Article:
ediate plain, at the waterlogged areas, the extr.-P, P-Fe/Al Contrasting to the interments re anoxic or oxidized sedimoand tot.-P showed two different features, linked to m(Fig. 14). The first trend, beneath R. mangle (D1) and A. germinans (D2), was linked
to the redox stratification, reaching anoxic values in LRZ (Fig. 14). This trend was
by higher extr.-P, P-Fe/Al and tot.-P ilar as the HP pattern, differing heresimconcentrations (Fig. 17). In the second feature, beneath A. germinans (D1) and R.
mangle (D2), the extr.-P increased concomitant with P-Fe/Al dissolution and tot.-P
pool depletion. Here beneath the dominant species of each forest side, the extr.-P
accounted the maximal levels of all transect (0.20 mg P g-1 DW). Although the Fe/Al
dissolution occurred in oxidized sediments, seem to be linked to the remarkably stable
Eh values with depth (Fig. 10). In both cases the P-Ca rem-1ained stable and the org.-P
). DW ggcontent was higher than average (0.02-0.13 m

ilar to D2,At low plain (LP), the features of P-Fe/Al, tot.-P and extr.-P were simcharacterized below R. mangle by dissolution of Fe/Al-P (0.60-0.23 mg P g-1 DW)
and tot.-P depletion (0.78-0.42 mg P g-1 DW); contrasting to higher P-Fe/Al (0.21-1.1
mg P g-1 DW) and tot.-P concentrations (0.32-1.6 mg P g-1 DW) beneath A.
germinans. Here again the physicochemical parameters seem to play a key role in R.
mangle by stable Eh influencing the P-Fe/Al dissolution and in A. germinans by a
by roots) affecting the P-Fe/Al greater biological influence (i.e. oxidationprecipitation (Fig. 14). Additionally, at the uppermost sediments (< 25 cm), the P-Ca
pool accounted the highest concentrations of the entire transect in R. mangle (0.05-
0.12 mg P g-1 DW) and A. germinans (0.03-0.10 mg P g-1 DW). In this plain the org.-
P did not show any specific pattern.

pattern ical Physicochem 6– Chapter

Figure 17

and phosphorus status of mangroves

: Vertical distribution of phosphorus com

pounds. The figures share the

72

-bound P; extr.-P, extractable P; org.-P, organic e axis. P-Ca, calciumsam

-bound P; tot.-P, total P; HP, high plain; MPiniumP; P-Fe/Al, iron/alum

imddle plain; D, depressions; LP, low plain.

,

Chapter 6– Physicochemical pattern and phosphorus status of mangroves

73

Discussion6.2. Effect of flooding conditions on P-exchange 6.2.1. ent changes in ergence the sedimIn the 24- and 12 h-expeditions, during submsulphide, Eh and pH shows a general pattern with rapid initial changes, followed by ergence continuing more gradual changes, returning to stable values during non subm).Fig. 10, 11(

ility before the stabe-confined sulphideIn the 24 h-expedition, after a timsubmergence, the sulphiderapid initial drop and gradual depletion (20-30 min.) in the
floodwater, or b) the consumearly stage of the submergence couption of SO42-ld be apparently due to a) sulphide during the degradation of the organic dilution by the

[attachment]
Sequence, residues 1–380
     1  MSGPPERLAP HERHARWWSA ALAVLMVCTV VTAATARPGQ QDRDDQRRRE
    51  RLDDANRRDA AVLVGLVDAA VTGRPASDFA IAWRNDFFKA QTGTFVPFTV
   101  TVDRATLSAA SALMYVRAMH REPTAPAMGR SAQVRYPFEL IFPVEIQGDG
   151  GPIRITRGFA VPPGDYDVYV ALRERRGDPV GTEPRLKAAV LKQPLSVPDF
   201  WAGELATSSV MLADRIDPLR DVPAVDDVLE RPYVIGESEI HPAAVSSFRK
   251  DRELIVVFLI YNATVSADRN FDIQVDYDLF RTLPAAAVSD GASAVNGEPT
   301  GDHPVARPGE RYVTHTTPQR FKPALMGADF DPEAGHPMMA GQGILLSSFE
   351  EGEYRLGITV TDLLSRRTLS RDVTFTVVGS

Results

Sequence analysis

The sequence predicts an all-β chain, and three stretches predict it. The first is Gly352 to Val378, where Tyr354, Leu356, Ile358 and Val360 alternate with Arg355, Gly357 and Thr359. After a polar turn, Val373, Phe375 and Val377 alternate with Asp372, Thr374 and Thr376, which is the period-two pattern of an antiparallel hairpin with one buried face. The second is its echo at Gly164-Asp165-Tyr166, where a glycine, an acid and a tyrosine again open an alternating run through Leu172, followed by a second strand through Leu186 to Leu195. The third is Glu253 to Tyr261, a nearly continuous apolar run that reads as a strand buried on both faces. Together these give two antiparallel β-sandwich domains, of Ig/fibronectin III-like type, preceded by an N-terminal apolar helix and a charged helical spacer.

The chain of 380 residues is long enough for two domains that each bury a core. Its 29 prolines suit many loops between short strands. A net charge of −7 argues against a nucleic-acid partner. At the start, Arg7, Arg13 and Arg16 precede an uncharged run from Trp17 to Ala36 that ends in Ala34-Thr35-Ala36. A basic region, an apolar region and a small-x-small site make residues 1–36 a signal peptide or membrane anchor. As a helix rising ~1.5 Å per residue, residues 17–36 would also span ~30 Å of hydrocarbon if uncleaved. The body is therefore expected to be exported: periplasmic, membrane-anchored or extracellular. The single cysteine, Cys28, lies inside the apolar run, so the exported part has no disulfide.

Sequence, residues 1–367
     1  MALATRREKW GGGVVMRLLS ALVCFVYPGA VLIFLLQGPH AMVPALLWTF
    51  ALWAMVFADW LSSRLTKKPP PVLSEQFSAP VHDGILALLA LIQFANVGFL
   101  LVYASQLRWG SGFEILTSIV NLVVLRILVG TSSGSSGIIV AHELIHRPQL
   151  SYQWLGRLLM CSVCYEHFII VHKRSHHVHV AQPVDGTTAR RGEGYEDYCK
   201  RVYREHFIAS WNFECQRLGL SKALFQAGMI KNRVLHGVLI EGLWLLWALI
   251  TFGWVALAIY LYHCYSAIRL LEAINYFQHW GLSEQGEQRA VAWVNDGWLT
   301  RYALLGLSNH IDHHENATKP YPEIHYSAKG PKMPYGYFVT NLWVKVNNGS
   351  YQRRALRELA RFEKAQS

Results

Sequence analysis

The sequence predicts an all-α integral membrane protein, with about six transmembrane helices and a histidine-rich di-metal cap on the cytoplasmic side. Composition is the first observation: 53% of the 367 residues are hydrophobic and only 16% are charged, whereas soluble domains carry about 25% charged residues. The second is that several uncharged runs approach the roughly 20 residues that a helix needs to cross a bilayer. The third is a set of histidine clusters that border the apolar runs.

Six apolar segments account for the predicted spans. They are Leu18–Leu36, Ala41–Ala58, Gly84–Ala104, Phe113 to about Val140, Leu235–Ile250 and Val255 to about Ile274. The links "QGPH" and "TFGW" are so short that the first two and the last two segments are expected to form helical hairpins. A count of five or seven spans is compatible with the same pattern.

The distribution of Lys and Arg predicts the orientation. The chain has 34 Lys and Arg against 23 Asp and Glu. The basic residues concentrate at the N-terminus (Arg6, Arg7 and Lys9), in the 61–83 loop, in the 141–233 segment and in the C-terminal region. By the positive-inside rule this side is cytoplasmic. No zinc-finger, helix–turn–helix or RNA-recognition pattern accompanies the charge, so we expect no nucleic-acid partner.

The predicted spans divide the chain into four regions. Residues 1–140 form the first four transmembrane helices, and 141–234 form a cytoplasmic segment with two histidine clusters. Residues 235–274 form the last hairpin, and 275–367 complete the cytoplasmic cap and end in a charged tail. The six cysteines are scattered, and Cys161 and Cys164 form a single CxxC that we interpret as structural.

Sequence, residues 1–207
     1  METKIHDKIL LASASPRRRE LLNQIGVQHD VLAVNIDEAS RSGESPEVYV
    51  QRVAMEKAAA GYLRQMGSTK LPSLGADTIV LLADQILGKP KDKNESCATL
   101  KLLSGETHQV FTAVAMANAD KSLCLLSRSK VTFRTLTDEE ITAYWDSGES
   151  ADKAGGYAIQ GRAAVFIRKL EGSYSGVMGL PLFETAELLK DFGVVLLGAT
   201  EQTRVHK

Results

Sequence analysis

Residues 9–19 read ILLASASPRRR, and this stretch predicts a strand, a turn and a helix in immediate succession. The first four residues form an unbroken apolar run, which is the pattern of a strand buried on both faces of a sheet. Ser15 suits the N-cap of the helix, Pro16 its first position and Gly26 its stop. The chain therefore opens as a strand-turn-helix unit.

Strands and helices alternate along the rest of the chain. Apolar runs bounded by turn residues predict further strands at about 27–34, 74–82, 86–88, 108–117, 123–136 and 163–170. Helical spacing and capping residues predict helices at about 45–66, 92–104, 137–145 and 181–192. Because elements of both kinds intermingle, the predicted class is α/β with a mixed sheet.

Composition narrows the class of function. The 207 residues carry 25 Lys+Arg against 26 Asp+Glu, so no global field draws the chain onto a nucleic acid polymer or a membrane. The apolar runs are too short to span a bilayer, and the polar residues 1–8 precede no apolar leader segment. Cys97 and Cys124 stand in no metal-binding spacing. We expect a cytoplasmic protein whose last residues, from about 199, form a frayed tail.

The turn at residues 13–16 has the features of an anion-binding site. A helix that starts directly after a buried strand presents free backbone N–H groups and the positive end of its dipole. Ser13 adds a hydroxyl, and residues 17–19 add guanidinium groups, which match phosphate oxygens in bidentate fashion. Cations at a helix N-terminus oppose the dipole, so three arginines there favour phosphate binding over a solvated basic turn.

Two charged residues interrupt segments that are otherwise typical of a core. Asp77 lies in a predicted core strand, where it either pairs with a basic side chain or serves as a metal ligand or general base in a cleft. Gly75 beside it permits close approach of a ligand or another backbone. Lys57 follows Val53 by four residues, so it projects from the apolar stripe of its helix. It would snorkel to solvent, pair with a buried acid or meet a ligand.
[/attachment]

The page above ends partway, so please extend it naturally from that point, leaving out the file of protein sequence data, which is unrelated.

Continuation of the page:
matter (Fig. 10 (I) A, C). Unfortunately, the control of the salinity and Cl-/ SO42-
ents could not be evaluated, so the absence of these data molar ratio data in the sedimxing of inot supported this hypothesis. This hypothesis can be supported by the m(Caetanofreshly tidet alal water in the interstices of., 1997). Meanwhile, the gradual sulphide depletion was sim sediment surface (2 cm) with sea-water ilar to the
theoretical H2S decrease as the result of consumption of SO42- (Postma and Jakobsen,
(I) B, D), considering the tidal Fig. 10 ergence (1996; Kehew, 2001). During subm2-ents, the sinusoidal sulphide in these sedimsupply seawater as the source of SO4increase over time, reflects the reduction of the electron acceptor SO42- resulting in a
2006).gradual production of sulphide in the porewater (Equation 9, Tribovillard et al.,

(CH2O)106(NH3)16(H3PO4) + 53SO42-oH3PO4 + 53S2- + 16NH3 + 106CO2 +:106H2O
Eq. 9

In the 12 h-expedition, the shift to anoxic conditions during sediment submergence
reaching a minimum of -253 mV is consistent with recent studies in lowland rice
fields in Philippines (Kirk, 2003) (Fig. 11, D). Meanwhile, our values are extreme
reduced as compared to laboratory studies (240-60 mV) performed at 10 cm depth
with 16 cm of water height above the sediment surface (Ellison and Farnsworth,
1997). In the Bragança sediments, the Eh minimum was reached in a shorter time (2.5

Chapter 6– Physicochemical pattern and phosphorus status of mangroves

74

hrs) than in rice fields (few days), suggesting a difference on the “intensity” factor duction (Kludze and DeLaune, 1995), caused ined by the relative ease of the redetermng the transect, at HP where the 12-h Alondition.probably due the water-saturated cothan at LP for the samexpedition was performed, the sedime depth (60 %). Thus, we expect thent humidity at 10 cm depth waat the “intens lower (38 %) sity” factor of